“It’s OK,” Arsha said. “I guess you don’t have a whole lot to feel good about right now.”
“Not so much. But thanks, for trying to help.”
“Yeah, well, it turns out you’re not completely horrible,” Arsha said, still smiling.
“Did… Did you want to finish showing me around?” Rachael ventured.
“Nah,” Arsha said, her smile widening. “Let’s do something fun.”
The heavy iron door made a clattering sound, as Arsha spun the wheel lock. The girl kept glancing over her shoulder, at the stairway that lead up to the bridge. Then they slipped through the doorway, and Arsha swung the hatch closed behind them, careful not to slam it. They had stepped into a room that was nothing more than a few feet of hallway with a door at either end. The outer door, like the inner, was of heavy steel with another wheel lock. Arsha turned to one side and pulled open a set of cupboard doors set into the wall.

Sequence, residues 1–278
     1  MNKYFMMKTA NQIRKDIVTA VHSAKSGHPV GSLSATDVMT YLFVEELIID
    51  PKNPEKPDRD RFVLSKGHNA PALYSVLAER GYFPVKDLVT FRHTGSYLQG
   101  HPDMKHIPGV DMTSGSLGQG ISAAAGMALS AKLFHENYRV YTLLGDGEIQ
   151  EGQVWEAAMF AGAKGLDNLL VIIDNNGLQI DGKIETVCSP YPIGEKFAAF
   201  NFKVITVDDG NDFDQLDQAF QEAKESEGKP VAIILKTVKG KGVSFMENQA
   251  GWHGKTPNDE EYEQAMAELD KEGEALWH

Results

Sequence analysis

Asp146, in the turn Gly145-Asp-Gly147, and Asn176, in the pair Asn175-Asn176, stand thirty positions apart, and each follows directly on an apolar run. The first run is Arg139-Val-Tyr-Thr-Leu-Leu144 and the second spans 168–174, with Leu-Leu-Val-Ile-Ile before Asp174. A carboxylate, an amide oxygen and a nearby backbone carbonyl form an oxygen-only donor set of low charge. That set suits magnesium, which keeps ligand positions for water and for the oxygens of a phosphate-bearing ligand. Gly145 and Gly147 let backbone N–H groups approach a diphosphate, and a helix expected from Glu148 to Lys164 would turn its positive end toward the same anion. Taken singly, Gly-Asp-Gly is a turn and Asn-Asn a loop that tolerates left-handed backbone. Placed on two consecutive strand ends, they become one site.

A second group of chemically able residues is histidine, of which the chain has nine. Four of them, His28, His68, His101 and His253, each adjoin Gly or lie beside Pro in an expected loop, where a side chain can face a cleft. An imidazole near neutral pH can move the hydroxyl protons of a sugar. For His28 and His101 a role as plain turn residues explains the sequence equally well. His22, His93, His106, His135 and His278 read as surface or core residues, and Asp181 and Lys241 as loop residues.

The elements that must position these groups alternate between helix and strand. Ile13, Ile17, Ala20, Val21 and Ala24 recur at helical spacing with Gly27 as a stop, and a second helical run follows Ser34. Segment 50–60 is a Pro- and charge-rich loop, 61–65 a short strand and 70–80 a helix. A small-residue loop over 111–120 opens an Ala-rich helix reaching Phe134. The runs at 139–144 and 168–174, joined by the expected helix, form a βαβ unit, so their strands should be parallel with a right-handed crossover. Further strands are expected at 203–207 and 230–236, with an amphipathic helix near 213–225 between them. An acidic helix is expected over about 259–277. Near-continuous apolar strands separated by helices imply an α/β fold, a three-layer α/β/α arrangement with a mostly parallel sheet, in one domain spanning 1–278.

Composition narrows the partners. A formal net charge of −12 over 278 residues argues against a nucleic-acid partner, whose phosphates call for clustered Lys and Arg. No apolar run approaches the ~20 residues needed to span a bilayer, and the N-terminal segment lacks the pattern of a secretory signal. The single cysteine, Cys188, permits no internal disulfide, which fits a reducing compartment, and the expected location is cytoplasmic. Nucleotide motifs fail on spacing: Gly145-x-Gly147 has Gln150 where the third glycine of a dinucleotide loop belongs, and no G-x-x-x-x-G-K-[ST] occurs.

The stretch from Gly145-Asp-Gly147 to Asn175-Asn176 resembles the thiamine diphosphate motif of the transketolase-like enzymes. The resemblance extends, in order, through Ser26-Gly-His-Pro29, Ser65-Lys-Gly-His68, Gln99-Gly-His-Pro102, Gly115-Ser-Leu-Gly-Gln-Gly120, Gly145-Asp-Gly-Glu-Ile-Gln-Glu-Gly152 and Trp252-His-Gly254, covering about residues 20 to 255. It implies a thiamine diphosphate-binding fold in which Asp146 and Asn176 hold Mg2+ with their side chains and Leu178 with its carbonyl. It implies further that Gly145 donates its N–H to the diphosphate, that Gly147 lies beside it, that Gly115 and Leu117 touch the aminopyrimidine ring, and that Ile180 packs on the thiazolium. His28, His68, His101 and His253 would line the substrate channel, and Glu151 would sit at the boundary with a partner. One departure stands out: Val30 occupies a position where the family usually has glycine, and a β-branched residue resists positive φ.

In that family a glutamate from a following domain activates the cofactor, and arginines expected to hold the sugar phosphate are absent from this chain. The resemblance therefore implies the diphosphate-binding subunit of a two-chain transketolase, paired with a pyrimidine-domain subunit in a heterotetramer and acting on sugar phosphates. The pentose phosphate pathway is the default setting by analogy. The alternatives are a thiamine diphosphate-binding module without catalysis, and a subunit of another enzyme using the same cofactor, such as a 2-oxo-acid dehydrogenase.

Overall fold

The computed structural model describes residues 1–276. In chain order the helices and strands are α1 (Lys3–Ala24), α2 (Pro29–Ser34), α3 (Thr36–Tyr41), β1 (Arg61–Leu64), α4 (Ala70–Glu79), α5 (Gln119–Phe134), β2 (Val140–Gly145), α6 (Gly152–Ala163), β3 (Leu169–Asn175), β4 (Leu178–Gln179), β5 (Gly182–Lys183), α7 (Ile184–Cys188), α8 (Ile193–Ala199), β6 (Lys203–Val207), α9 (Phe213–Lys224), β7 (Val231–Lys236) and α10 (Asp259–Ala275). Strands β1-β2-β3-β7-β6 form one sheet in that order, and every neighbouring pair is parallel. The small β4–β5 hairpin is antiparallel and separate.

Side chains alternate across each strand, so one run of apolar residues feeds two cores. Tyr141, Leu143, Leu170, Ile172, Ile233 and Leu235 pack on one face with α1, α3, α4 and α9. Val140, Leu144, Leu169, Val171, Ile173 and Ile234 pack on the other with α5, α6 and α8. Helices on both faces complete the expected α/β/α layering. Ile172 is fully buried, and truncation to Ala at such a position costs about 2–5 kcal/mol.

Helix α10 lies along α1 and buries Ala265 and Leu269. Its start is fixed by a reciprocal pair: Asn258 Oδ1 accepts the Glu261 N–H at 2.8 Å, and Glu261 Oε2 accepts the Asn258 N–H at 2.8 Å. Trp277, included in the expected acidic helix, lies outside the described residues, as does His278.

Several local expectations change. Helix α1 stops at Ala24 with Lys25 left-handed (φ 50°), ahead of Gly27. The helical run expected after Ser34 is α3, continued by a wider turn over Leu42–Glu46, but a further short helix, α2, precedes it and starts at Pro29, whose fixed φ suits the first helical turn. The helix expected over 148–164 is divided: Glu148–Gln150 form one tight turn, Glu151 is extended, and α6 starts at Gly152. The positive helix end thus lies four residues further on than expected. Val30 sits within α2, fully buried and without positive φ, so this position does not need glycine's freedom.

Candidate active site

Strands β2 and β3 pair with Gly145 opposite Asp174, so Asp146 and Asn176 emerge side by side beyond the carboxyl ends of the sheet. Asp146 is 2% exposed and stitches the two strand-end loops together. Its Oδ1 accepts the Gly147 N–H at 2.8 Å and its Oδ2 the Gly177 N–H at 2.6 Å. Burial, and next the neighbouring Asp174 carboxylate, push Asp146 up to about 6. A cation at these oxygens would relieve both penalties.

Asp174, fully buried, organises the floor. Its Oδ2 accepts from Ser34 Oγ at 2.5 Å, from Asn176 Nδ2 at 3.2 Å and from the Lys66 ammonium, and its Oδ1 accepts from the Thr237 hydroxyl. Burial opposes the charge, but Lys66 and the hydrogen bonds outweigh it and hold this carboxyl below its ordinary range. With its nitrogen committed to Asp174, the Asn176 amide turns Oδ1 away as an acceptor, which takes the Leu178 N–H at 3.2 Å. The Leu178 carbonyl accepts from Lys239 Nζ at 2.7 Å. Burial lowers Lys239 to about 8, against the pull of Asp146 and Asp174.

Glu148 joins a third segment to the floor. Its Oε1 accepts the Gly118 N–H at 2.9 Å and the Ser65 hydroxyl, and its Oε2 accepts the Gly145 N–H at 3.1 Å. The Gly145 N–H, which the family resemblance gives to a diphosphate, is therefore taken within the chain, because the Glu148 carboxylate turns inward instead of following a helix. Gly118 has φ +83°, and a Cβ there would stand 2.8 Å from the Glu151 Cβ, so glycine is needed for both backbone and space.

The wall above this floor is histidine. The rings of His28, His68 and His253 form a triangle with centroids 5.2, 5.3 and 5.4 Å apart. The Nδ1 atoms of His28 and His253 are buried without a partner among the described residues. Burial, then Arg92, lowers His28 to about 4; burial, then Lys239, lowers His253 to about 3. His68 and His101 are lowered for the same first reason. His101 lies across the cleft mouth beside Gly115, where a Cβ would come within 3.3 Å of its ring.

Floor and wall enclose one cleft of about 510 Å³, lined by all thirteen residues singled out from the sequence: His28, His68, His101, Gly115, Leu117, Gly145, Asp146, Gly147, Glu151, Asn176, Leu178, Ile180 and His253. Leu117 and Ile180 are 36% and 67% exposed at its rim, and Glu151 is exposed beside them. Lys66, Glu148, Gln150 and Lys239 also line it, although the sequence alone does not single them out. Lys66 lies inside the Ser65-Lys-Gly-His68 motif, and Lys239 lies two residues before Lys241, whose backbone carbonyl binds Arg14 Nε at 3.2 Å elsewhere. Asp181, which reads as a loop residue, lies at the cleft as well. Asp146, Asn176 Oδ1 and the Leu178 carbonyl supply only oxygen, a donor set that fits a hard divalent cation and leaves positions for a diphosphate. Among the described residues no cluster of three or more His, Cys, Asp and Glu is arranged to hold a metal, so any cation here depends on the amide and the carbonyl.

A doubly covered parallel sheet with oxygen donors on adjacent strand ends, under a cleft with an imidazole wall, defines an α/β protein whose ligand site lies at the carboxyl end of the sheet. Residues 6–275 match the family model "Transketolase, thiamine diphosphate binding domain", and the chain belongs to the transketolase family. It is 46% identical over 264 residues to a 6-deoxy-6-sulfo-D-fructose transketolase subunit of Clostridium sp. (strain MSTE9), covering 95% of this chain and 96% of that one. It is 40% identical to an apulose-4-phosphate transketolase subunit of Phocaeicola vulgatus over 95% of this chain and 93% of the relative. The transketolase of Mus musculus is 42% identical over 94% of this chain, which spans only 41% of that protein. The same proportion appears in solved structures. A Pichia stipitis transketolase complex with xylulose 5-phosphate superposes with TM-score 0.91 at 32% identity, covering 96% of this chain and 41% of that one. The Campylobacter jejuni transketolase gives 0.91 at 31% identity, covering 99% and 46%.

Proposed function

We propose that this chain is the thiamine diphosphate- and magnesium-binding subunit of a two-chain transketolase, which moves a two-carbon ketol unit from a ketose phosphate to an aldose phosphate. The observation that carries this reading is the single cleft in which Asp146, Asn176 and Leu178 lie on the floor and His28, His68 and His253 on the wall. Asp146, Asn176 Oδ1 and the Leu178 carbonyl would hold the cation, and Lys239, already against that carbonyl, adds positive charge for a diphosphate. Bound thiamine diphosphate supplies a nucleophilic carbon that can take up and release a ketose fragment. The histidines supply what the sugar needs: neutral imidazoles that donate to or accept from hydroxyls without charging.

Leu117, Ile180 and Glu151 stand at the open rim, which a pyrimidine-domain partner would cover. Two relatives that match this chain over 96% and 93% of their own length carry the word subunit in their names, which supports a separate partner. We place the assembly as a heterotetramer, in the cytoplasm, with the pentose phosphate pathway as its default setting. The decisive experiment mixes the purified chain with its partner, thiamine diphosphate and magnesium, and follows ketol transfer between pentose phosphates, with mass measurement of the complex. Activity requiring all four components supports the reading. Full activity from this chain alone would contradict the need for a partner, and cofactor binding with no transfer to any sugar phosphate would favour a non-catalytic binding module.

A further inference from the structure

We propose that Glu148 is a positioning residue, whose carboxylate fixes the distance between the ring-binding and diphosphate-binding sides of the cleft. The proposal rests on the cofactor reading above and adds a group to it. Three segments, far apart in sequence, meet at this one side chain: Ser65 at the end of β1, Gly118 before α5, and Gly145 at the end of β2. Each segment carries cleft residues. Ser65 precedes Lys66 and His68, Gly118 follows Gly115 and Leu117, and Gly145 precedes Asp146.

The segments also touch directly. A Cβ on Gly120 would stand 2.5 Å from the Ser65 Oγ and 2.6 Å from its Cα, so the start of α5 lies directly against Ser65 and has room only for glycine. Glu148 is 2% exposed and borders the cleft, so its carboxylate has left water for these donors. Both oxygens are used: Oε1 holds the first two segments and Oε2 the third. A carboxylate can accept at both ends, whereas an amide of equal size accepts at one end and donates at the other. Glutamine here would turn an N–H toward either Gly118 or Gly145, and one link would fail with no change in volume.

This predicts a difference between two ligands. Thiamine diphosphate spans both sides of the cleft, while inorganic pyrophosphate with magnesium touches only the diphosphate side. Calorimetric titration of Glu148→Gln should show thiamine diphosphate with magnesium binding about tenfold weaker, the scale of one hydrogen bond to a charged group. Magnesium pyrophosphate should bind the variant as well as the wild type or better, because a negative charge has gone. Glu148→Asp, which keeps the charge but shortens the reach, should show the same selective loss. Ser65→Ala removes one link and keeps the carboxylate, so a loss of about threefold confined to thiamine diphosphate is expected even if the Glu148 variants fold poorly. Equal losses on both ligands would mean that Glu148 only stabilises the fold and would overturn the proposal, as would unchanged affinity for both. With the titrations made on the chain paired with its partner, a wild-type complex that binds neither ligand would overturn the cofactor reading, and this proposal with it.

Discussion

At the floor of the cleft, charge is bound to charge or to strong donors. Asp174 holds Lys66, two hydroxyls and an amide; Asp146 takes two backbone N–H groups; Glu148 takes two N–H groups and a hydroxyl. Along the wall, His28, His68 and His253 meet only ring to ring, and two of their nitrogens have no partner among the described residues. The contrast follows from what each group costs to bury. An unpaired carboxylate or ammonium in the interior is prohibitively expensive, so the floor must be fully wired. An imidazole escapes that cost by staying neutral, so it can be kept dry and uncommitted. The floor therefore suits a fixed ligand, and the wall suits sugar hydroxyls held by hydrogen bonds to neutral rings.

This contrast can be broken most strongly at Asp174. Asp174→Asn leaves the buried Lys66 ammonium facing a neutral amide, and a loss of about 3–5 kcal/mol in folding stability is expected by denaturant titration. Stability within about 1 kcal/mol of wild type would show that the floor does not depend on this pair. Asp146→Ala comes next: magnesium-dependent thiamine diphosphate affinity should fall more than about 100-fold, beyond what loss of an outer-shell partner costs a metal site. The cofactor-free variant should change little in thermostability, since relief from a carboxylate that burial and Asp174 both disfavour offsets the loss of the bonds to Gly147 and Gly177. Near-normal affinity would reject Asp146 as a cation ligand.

“Here, you’ll need this.”
Arsha thrust a full length coat into Rachael’s arms. She pulled out another for herself, and quickly shrugged it on.
Rachael fumbled with the heavy coat. The cloth was stiff, with a prickly texture, laden with buckles and straps. Cursing, she shifted around inside it, but couldn’t get the massive thing to sit right.
“How am I supposed to wear this thing? It’s huge.”
“Give me a minute,” Arsha said. “I just need to tighten it up for you.”
She set to fussing with the various straps, tightening here and loosening there according to some strange formula known only to herself.
“Try it now.”
Rachael shifted her arms experimentally. She had to admit it really did feel quite comfortable.
“See?” Arsha said, a little smugly, as she set about doing up the clasps on the front of the coat.